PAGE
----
+ A.M.D.G. +


Even heathen nations, such as the Egyptians, Greeks, and Romans, made use of water to cleanse their souls and render them pleasing to the Deity. The Jewish law enjoined purifications, to cleanse from various legal uncleannesses (Lev. xii.-xv.). Before the giving of the Ten Commandments the people were to be sanctified and wash their garments (Exod. xix. 10). John the Baptist baptized in the desert those who promised amendment of life, to signify the remission of sins which they would gain by their penitential works. The baptism of Christ is of a different nature; it has a transforming power, for it washes away sin and confers the gift of the Holy Ghost (Matt. iii. 11).

1. This is what takes place at Baptism: Water is poured upon the head of the person to be baptized, and at the same time the words appointed by Our Lord are repeated; the person is thereby cleansed from original sin and all other sins, he is gifted with habitual and sanctifying grace, and becomes a child of God, an heir of heaven, and a member of the Church.

At our baptism much the same takes place as at Our Lord’s baptism: like Him, we have water poured upon our head, and certain words are spoken (“I baptize thee in the name of the Father, and of the Son, and of the Holy Ghost”); the Holy Ghost descends upon us (although not in the form of a dove), we are made temples of the Holy Ghost and endowed with sanctifying grace; God the Father says: “This is My beloved son, in whom I am well pleased” (we are made children of God), and the heavens are opened (we are made heirs of immortality). Again, much the same takes place at our baptism as at the cleansing of Naaman (4 Kings v. 14); we are washed with water, and delivered from the leprosy of sin, both original and actual. So again much the same takes place at our baptism as at the passage of the Israelites through the Jordan (1 Cor. x. 2); we pass through the water of Baptism into the promised land, the Church of which we become members. Those on whom sanctifying grace has been bestowed, are in virtue of that bestowal children of God and heirs of heaven. Only the baptized have the right to call God their Father, hence in early times the Lord’s Prayer was not taught to the unbaptized. St. Louis of France used to say: “I think more of the private chapel where I was baptized, than of the Cathedral of Rheims where I was crowned; for the dignity of a child of God, which was bestowed on me at Baptism, is greater than that of the ruler of a kingdom. The latter I shall lose at death; the other will be my passport to everlasting glory.” It is because man is cleansed from sin by baptism that St. Paul exclaims: “There is therefore now no condemnation to them that are in Christ Jesus” (Rom. viii. 1). The words of St. Peter on the Day of Pentecost show what is the effect produced by Baptism: “Do penance, and be baptized, every one of you in the name of Jesus Christ, for the remission of your sins; and you shall receive the gift of the Holy Ghost” (Acts ii. 38). St .Paul speaks of Baptism as “the laver of regeneration and renovation of the Holy Ghost,” whereby “being; justified by His grace we may be heirs according to hope of life everlasting” (Titus iii. 5, 7). Again he says: “In one spirit were we all baptized into one body” (1 Cor. xii. 13).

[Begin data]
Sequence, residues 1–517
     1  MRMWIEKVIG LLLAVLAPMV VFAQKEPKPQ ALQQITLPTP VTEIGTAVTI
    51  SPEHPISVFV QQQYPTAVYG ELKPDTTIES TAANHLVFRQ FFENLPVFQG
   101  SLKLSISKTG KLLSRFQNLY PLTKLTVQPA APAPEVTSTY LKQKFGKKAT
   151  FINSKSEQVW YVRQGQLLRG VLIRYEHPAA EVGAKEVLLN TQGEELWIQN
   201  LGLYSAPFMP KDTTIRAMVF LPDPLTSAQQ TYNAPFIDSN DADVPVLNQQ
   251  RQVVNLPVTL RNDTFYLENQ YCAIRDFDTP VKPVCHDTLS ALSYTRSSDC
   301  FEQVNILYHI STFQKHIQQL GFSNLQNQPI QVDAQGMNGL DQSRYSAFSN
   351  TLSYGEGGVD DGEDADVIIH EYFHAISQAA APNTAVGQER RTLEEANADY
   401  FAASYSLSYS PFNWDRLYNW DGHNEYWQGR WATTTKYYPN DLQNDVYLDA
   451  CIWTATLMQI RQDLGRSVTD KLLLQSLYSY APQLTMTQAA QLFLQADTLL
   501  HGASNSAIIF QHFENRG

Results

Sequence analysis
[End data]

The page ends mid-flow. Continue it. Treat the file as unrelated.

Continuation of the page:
Baptism was instituted by Our Lord at His own baptism and enjoined upon the Church at His ascension.

Our Lord caused Himself to be baptized in the Jordan in order to sanctify water and impart to it a cleansing power. The manifestation of all the three persons of the Holy Trinity at the time of His baptism showed that the sacrament was to be administered in the name of the three divine persons. Christ also told His apostles at His ascension to go, “baptizing all nations in the name of the Father, and of the Son, and of the Holy Ghost” (Matt. xxviii. 19).

2. Baptism acts spiritually as water does materially.
It cleanses us from the stains of sin, it extinguishes for us the names of hell and of purgatory; it imparts to us a new life, it quenches the thirst of the soul, it gives us strength to fulfil the commandments, causes us to bring forth fruit to life eternal, and makes us members of Christ’s mystical body.

Every one knows that in the natural order water cleanses the body, puts out fire, and recalls to consciousness one who has fainted; that it invigorates the human frame and gives fertility to the soil. The water of Baptism does the same in the spiritual order. Every new born infant has the stain of original sin attaching to him, and every adult has, in addition, that of actual sin. These sins vanish at the laver of regeneration as a spark disappears if it falls into the ocean. On this account no penance is enjoined on the newly-baptized. Any one dying immediately after baptism, goes straight to heaven if he has at the time no attachment to venial sin, thus escaping purgatory and hell. And since the person baptized receives the Holy Ghost, and with Him sanctifying grace, a new life begins for him, the life in God. Thus Baptism is the birth of the soul, whereas the other sacraments are its food or its medicine. Baptism is also called regeneration, because it is the commencement of another and a new life. When the water is poured upon the exterior, an interior change takes place; the individual becomes a new creature from sinful he becomes just. In Baptism true peace of mind is acquired through the indwelling of the Holy Ghost. The early Christians used to feel the same interior happiness after baptism that we feel after making a good confession. It may truly be said that the water of Baptism quenches the thirst of the soul. Furthermore, when the Holy Ghost enters into the soul at Baptism, He enlightens the understanding and justifies the will. When Saul, the persecutor of the Christians, was baptized, there fell from his eyes as it were scales (Acts ix. 18), indicating that his spiritual blindness was at an end. Baptism also confers strength to resist the temptations of the evil enemy. Yet the corrupt proclivity remains, and man is ever subject to temptations, as the Hebrews, when they had escaped from servitude by the passage of the Red Sea, were still exposed to the attacks of their adversaries in the desert. As the will is fortified by Baptism, we are better able to perform good works. He who has received the Holy Ghost possesses divine charity (Council of Trent, 6, 7), and by charity we abide in God, and are closely united to Him (John xiv. 23; 1 John iv. 16). Hence, having received the Holy Ghost and with Him divine charity, we are in Baptism made one with Christ (Gal. iii. 27); we are united to Christ as members to the head; “your members are the members of Christ” (1 Cor. vi. 15). We are made members of the one great body of which Christ is the head and the life; all the graces which we receive as members of the Church proceed from Christ. Hence He is rightly termed the life-giving Head of the Church, for in one Spirit we were all baptized into one body (1 Cor. xii. 13, 15). In Baptism we are cut off from the stock of the old sinful Adam, and grafted into Christ as new creatures; we are no longer of the posterity of the old Adam, but of the posterity of Christ. Baptism is compared to the door of Noe’s ark. See how marvelous are the effects of this sacrament! The grace of Baptism is of all the gifts of God the most excellent, the most exalted, the most precious. Who, being unbaptized, would not desire Baptism?